With training camp now officially open, I’m re-examining the State of the Buffalo Bills’ roster, going position-by-position.
Here’s an in-depth look at the specialists:
- Stephen Hauschka
- Tyler Bass
- Corey Bojorquez
- Kaare Vedvik
- Reid Ferguson
Hauschka had a rough start to last season, but finished strong. Over the first nine games, he was only 8-for-13 on field goal attempts and also missed an extra point. Over the final seven games, he was 14-for-15 on field goals. The Bills actually put in a waiver claim on kicker Chase McLaughlin in early December after he was waived by the San Francisco 49ers, but the Indianapolis Colts had a higher waiver priority and were awarded McLaughlin, who was with the Bills during training camp. So it’s clear the Bills were at least looking to bring in some competition for Hauschka, who had a nice bounce-back second half. His leg doesn’t seem to have the strength it did even just a couple years ago. After going 7-for-9 on field goals of 50-yards or more in 2017, he’s only 5-for-12 over the last two years, including only 1-for-5 last season.
Bass was one of only three kickers selected in the 2020 NFL Draft, taken in the sixth round by the Bills. He was only the seventh kicker drafted by the team since 1970 and the first since 2013. So, given how rare it is to take a kicker and the fact the Bills invested a sixth round pick in him, Bass should get every opportunity to show off his leg. Bass finished his collegiate career at Georgia Southern 54-of-68 on field goal attempts, with a 98.3% extra point conversion rate, including going a perfect 81-for-81 over his last two seasons. Bass also drilled 27 field goals from 40-or-more yards over the last three seasons, which was the most in the FBS, according to ESPN Stats and Info.
Bojorquez was inconsistent last year. There were times he did a great job of pinning teams inside their own 20-yard line or cutting the ball though a really tough then-New Era Field wind, but other times he didn’t get the job done when the team needed him. Bojorquez finished tied for third in the NFL with 34 punts downed inside the opponent’s 20-yard line, but was 30th in both gross punting average (41.9) and net punting average (37.7).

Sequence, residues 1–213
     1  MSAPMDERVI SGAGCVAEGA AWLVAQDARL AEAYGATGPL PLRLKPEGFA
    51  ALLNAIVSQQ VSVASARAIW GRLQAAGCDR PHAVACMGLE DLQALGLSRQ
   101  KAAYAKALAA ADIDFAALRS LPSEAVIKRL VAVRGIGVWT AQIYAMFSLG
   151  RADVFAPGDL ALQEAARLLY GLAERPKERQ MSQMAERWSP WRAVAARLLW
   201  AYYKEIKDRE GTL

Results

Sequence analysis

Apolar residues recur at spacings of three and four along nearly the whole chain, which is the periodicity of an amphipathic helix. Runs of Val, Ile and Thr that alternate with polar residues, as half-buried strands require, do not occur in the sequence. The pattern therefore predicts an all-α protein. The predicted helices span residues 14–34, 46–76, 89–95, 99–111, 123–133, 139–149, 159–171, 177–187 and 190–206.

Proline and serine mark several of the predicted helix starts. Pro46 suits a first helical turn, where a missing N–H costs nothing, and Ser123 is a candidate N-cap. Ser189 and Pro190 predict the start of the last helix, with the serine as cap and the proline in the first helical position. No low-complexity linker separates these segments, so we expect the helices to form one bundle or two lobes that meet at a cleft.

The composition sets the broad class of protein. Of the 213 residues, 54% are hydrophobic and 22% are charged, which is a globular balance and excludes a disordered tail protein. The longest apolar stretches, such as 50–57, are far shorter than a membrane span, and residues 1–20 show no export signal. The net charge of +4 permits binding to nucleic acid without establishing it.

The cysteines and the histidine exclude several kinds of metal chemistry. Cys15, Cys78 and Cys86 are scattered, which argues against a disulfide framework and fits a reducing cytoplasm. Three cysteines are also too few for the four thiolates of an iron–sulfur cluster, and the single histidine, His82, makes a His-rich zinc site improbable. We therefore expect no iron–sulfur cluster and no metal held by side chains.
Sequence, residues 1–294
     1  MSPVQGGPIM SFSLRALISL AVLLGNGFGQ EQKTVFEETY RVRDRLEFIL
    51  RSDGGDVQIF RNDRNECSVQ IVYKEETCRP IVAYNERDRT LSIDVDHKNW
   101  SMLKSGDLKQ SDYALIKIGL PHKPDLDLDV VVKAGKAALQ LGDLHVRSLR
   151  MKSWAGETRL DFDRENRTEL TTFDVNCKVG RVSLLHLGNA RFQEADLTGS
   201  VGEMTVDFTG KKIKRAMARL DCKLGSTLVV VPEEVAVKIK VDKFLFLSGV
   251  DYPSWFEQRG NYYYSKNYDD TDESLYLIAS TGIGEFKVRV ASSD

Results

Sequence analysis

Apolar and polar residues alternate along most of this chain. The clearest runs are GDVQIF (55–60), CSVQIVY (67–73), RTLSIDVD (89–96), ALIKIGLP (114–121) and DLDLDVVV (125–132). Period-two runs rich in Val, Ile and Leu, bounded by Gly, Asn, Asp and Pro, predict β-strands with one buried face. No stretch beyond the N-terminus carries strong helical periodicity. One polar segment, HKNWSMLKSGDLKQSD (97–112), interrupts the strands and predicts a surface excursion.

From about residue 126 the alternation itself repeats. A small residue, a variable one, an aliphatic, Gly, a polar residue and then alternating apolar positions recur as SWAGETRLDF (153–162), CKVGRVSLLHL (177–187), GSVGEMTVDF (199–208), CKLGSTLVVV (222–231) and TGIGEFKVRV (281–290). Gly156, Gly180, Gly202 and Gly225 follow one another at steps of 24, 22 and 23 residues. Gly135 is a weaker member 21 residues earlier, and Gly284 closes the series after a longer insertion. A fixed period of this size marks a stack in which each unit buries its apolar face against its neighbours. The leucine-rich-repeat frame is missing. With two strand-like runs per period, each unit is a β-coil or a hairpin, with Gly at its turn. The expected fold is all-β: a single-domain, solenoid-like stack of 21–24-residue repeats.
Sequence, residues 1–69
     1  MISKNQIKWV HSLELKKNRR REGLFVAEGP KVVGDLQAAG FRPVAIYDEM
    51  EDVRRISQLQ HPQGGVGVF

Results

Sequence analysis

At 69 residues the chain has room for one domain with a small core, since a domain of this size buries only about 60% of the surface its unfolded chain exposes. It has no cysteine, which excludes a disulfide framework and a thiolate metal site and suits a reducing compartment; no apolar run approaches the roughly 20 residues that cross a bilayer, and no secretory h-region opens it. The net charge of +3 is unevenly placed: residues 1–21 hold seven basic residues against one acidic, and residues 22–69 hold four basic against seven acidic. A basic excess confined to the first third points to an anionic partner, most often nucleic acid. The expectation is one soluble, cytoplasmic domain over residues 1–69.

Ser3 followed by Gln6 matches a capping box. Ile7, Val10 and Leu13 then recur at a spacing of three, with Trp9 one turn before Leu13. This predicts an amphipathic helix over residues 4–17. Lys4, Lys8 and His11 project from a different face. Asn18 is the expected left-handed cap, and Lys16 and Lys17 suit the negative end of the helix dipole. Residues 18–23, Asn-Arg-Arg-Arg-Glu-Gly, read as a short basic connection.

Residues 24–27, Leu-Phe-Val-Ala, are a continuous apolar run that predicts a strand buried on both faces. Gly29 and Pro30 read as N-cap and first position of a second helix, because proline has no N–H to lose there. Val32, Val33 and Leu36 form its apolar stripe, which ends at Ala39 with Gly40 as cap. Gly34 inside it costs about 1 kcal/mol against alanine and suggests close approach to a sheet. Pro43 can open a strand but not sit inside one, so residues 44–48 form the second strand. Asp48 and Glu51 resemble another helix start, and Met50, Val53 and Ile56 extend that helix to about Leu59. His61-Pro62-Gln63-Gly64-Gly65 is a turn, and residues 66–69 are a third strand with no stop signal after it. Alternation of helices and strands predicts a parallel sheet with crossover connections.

The Bills signed Vedvik to a future/reserve contract right after last season ended. Vedvik, who is originally from Norway, has a tremendously strong leg and can be both a punter and place kicker. General manager Brandon Beane said his first position is punter, but his second is a guy who can kickoff and attempt longer field goals. While with the Baltimore Ravens last preseason, he went 4-for-4 on field goals, including a 55-yarder. But on opening day with the New York Jets against the Bills last season, he missed a field goal and an extra point. He was waived the next day. Vedvik punted 129 times over two seasons at Marshall, including a 44.0-yard gross average in 2017.
Long snappers don’t get noticed until they do something wrong, and Ferguson wasn’t noticed last season. He totaled 140 total punt, field goal, and extra points snaps and didn’t register a single bad snap. He’s the only long snapper on the roster and under contract for two more seasons. He’s also the second-longest tenured Bills player behind only defensive end Jerry Hughes. Ferguson and Hughes are also the only two Bills who were on the roster prior to Sean McDermott’s arrival as head coach.
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